Let’s start from the beginning: German immigrant Adolphus Busch arrived in the United States in 1857. A few years later, he married Lilly Anheuser and began working at his father-in-law’s brewery. The brewery, renamed Anheuser-Busch in 1879, pioneered the pasteurization technology that allowed Budweiser to be shipped across the United States without spoiling, according to its website.
Budweiser, which traces its name back to the Czech Republic town of Budweis, became the first nationally distributed beer. During this period, draught kegs and glass bottles were the only packaging formats available to brewers. Budweiser was primarily sold bottled, so the original slogan was actually the “King of Bottled Beer.”
“By specifically mentioning bottles in the ‘King of Bottled Beer’ slogan, Budweiser communicated the overall strength of the brand as well a defining feature separating Budweiser from some of its competitors,” a spokesperson for Anheuser-Busch InBev (BUD) told CNN Business.
The slogan was tweaked to “King of All Bottled Beers” as competition grew. Then prohibition happened, banning the production, importation, sale and transportation of alcohol in the US from 1920 to 1933.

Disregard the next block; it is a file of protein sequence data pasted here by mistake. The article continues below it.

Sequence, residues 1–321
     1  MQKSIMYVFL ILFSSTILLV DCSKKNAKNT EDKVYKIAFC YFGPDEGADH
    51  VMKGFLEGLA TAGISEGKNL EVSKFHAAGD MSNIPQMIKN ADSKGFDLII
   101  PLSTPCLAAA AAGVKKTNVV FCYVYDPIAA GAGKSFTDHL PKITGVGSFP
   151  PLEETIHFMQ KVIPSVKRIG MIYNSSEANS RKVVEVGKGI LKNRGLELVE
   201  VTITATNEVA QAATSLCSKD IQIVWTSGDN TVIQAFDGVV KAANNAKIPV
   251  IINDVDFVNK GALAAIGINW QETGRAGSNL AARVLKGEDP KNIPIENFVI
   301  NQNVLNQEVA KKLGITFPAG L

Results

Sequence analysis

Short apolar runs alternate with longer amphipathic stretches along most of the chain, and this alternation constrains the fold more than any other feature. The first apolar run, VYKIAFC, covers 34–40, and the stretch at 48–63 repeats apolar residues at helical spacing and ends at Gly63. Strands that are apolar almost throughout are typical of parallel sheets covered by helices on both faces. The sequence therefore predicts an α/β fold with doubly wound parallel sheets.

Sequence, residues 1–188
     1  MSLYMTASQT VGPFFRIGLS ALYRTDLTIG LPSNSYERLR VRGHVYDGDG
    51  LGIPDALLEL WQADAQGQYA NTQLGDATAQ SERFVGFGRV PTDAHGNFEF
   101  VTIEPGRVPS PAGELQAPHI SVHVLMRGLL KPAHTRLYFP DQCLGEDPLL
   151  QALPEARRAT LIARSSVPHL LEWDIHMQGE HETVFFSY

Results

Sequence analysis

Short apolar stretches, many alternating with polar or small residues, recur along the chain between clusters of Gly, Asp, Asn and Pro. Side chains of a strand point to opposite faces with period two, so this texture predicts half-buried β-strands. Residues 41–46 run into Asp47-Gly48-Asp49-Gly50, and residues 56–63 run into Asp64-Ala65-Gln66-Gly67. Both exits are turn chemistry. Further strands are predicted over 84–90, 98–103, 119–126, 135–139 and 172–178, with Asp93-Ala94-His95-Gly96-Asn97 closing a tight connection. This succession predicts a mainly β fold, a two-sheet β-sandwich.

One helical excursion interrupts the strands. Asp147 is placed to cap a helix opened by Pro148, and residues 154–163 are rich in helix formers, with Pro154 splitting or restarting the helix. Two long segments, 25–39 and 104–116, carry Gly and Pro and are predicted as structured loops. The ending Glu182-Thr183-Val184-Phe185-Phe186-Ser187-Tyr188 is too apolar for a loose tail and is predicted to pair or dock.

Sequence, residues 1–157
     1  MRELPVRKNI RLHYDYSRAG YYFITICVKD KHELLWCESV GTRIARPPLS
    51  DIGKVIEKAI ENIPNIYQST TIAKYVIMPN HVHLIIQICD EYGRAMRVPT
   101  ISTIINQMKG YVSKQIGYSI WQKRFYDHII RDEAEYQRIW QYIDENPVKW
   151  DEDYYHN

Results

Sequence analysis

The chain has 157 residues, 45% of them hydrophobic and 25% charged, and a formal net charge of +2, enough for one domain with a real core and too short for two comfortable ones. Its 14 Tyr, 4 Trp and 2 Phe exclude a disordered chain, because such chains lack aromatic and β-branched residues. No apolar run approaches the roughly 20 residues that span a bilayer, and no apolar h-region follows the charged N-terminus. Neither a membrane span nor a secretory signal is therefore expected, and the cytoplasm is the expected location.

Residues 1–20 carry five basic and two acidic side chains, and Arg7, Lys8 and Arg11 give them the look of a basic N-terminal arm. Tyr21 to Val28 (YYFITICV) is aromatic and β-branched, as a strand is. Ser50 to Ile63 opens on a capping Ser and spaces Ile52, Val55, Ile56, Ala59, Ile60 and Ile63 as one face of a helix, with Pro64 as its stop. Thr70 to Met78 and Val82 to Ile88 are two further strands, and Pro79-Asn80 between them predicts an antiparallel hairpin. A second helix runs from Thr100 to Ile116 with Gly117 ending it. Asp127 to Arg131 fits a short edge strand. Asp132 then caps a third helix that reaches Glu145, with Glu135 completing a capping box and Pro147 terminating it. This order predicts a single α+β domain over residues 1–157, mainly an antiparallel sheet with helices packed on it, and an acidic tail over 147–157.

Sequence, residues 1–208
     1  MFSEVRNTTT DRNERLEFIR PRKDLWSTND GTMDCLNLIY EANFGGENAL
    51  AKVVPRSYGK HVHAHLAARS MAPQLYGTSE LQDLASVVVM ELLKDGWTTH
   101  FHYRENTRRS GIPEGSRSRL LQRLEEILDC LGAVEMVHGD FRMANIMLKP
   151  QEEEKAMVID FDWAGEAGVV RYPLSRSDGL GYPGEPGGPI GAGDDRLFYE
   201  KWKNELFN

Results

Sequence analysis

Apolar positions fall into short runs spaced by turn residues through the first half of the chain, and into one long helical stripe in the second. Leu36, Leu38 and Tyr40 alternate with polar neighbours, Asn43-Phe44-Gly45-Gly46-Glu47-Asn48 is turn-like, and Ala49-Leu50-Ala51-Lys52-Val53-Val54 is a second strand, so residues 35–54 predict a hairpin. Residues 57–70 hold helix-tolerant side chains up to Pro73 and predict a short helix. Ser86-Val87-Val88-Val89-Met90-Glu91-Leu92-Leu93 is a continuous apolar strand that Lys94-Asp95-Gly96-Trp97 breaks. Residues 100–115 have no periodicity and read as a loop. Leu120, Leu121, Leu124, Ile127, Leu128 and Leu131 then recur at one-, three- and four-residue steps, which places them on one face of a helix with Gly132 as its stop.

The company survived by making alternative products, such as soft drinks and “near-beer,” which had a very low (and legal) alcohol content. After the ban was lifted, the slogan “King of Bottled Beer” returned and Anheuser-Busch once again began brewing its signature brand.
The slogan was changed to the “King of Beers” in the mid-twentieth century as aluminum cans became a more popular form of packaging. It’s still in use today and is featured predominately on Budweiser labels.
The slogan hasn’t been technically true for a while, however. Budweiser was the country’s top-selling beer until 2001, when it relinquished that crown to its sister brand, Bud Light. Shifting consumer tastes to lower-calorie options, such as spiked seltzer, as well as the increasing popularity of premium liquors, has also dented Bud’s popularity.